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4. TYPES OF TRANSLATION. ASPECTS a) historical aspects: oral vs. written vs. mechanical significance / historical role of TR - contribution to & impact

Dec 18, 2015

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  • Slide 1
  • 4. TYPES OF TRANSLATION
  • Slide 2
  • ASPECTS a) historical aspects: oral vs. written vs. mechanical significance / historical role of TR - contribution to & impact on: development an growth of human culture (trade, preachers, military exchanges, diplomatic affairs, transfer of artefacts) civilisation individual languages b) TYPES: literary vs. non-literary c) METHODS of ORAL TR: simultaneous vs. consecutive d) FORM: oral (always non-literary) vs. written e) medium in which TR is performed: mechanical & computer-aided vs. human
  • Slide 3
  • The role of the Translator TLR as a linguistic person (knowledge, spatio-temporal restrictions) Sender, TLR, Receiver as linguistic persons in the communicative act TLR as a linguistic person in the communicative act: change as much as necessary - BUT as little as possible
  • Slide 4
  • MECHANICAL / MACHINE TR (MT) always written and non-literary 50's & 60's cold war (US/Russia) ASSUMPTION: computer - programmed to decode (SL) & encode (TL) !!!? equivalence between SL and TL (one-to-one correspondence) 1980-ies: initial success and promises (large investments - projects) human TLR - more efficient
  • Slide 5
  • Machine translationMachine translation (MT) Wikip. a procedure whereby a computer program analyses a source text and produces a target text without further human intervention.source text however, machine translation typically does involve human intervention, in the form of pre-editing and post-editing an exception to that rule: e.g., the translation of technical specifications (strings of technical terms and adjectives), using a dictionary-based machine-translation system.technical termsdictionary-based machine-translation
  • Slide 6
  • MT In regard to texts (e.g., weather reports) with limited ranges of vocabulary and simple sentence structure, machine translation can deliver results that do not require much human intervention to be useful.weather reportsvocabularysentencestructure Also, the use of a controlled language, combined with a machine-translation tool, will typically generate largely comprehensible translations (AirSpeak)controlled language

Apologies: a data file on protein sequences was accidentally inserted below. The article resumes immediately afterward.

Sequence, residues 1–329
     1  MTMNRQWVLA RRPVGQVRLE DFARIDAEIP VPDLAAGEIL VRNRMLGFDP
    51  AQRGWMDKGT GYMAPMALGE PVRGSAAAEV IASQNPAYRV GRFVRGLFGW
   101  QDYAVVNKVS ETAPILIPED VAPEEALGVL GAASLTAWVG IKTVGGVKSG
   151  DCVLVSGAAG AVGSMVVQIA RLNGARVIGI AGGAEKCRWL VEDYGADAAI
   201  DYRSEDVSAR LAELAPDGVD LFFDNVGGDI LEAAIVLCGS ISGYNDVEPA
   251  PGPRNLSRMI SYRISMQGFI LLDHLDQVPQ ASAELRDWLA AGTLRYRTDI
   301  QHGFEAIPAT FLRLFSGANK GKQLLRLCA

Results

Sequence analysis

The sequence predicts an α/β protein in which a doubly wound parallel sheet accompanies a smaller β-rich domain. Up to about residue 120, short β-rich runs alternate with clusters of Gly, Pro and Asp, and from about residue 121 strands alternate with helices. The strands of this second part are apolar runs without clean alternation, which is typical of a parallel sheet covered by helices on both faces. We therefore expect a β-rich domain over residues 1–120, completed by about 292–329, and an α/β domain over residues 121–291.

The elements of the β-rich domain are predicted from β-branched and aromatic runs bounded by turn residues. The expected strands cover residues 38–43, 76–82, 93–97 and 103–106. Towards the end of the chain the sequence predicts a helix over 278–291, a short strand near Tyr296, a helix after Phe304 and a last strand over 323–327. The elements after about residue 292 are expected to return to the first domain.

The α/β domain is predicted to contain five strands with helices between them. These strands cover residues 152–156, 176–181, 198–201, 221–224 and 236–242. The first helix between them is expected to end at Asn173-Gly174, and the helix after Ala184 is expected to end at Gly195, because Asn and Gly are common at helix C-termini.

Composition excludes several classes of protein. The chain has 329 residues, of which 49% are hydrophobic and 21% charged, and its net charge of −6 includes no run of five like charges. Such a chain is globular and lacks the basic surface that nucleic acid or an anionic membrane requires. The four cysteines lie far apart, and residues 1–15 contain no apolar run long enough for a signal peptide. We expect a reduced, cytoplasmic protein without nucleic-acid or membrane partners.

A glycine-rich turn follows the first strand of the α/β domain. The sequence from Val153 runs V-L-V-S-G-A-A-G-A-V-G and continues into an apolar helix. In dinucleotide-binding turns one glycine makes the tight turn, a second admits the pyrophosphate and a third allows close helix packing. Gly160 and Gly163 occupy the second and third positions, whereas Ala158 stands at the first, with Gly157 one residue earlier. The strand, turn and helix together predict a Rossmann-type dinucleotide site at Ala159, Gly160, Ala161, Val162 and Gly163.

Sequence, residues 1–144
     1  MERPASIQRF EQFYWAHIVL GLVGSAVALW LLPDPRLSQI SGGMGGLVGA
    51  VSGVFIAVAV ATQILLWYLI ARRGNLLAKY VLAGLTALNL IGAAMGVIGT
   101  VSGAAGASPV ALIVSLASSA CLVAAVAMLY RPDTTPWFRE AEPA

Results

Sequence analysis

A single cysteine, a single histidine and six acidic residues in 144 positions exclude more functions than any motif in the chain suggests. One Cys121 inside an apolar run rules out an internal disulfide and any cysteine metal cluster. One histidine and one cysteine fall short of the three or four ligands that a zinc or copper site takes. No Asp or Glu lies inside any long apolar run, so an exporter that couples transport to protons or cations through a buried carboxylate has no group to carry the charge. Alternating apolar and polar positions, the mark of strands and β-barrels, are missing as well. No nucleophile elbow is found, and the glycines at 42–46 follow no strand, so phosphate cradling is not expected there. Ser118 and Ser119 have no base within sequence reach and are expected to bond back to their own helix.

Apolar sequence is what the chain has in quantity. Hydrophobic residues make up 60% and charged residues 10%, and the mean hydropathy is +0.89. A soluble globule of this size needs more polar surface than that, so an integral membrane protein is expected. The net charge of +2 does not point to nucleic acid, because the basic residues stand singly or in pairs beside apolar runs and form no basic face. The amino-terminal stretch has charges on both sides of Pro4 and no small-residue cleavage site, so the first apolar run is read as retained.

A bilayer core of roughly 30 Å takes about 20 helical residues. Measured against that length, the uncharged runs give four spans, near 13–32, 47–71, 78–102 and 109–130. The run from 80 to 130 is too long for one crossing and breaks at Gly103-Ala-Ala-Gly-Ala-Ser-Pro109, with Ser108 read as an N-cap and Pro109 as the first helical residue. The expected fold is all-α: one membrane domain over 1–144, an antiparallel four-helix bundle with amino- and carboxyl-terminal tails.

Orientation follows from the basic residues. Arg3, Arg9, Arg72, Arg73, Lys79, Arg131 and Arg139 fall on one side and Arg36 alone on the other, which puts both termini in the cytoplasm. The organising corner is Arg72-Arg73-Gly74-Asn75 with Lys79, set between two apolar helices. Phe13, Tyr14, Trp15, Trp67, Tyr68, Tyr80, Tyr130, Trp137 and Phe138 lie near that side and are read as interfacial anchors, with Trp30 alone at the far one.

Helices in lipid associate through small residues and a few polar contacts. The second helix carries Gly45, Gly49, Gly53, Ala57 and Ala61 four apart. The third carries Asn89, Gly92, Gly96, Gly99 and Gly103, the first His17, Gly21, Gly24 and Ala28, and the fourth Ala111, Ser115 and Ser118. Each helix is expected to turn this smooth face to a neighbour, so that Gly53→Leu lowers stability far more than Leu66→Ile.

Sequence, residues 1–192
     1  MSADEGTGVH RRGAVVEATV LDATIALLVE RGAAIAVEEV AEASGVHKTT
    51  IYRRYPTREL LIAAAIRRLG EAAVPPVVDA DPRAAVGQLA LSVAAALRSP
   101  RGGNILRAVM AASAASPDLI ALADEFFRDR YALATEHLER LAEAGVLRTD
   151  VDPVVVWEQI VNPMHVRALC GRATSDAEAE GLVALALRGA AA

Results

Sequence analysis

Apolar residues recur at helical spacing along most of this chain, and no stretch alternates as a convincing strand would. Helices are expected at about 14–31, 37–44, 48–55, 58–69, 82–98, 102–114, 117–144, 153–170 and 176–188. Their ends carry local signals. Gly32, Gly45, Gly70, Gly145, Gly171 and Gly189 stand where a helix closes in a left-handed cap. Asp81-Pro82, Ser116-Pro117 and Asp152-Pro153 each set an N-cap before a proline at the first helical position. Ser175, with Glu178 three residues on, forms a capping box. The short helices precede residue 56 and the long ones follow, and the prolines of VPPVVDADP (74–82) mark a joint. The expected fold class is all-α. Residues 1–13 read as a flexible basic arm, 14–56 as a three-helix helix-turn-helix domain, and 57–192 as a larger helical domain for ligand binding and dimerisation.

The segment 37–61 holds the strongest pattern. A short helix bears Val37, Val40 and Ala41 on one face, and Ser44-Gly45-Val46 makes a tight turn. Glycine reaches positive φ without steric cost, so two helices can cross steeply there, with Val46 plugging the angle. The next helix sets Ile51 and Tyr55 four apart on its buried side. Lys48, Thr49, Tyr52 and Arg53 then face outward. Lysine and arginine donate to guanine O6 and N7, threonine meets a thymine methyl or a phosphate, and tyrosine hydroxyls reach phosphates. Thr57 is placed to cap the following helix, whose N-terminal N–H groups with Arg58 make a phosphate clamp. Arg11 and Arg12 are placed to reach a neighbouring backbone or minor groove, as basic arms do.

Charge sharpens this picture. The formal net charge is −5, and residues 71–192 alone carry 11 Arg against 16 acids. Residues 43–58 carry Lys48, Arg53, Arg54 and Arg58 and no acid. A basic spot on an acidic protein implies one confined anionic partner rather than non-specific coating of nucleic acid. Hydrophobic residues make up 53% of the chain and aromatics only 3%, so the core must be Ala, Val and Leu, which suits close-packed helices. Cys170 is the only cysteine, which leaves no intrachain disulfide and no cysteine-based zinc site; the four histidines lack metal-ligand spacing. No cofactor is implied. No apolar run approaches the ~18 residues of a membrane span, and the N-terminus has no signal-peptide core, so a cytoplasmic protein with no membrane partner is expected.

• Slide 7
  • MT Relying on machine translation exclusively ignores the fact that communication in human language is context- embedded and thathuman languagecontext it takes a person to comprehend the context of the original text with a reasonable degree of probability. even purely human-generated translations are prone to error. such translations must be reviewed and edited by a human
  • Slide 8
  • MT To date, machine translation a major goal of natural- language processing has met with limited success. [16]natural- language processing[16] Machine translation has been brought to a large public by tools available on the Internet, such as AltaVista's Babel Fish, Babylon, and StarDict, Systran, Trados. These tools produce a "gisting translation" a rough translation that "gives the gist" of the source text.AltaVistaBabel FishBabylonStarDict With proper terminology work, with preparation of the source text for machine translation (pre-editing), and with re-working of the machine translation by a professional human translator (post-editing), commercial machine- translation tools can produce useful results, especially if the machine-translation system is integrated with a translation-memory or globalization-management system. [17]terminology work translation-memoryglobalization-management system [17]
  • Slide 9
  • Machine translation (MT) a sub-field of computational linguistics that investigates the use of computer software to translate text or speech from one natural language to another.computational linguisticscomputer softwaretranslatenatural language At its basic level, MT performs simple substitution of words in one natural language for words in another.substitution Using corpus techniques, more complex translations may be attempted, allowing for better handling of differences in linguistic typology, phrase recognition, and translation of idioms, as well as the isolation of anomalies.corpuslinguistic typologyrecognitionidioms Current machine translation software often allows for customisation by domain (filters: field, subject matter)
  • Slide 10
  • MT Current machine translation software often allows for customisation by profession (such as weather reports) improving output by limiting the scope of allowable substitutions. professionweather reports particularly effective in domains where formal or formulaic language is used i.e. machine translation of government and legal documents more readily produces usable output than conversation or less standardised text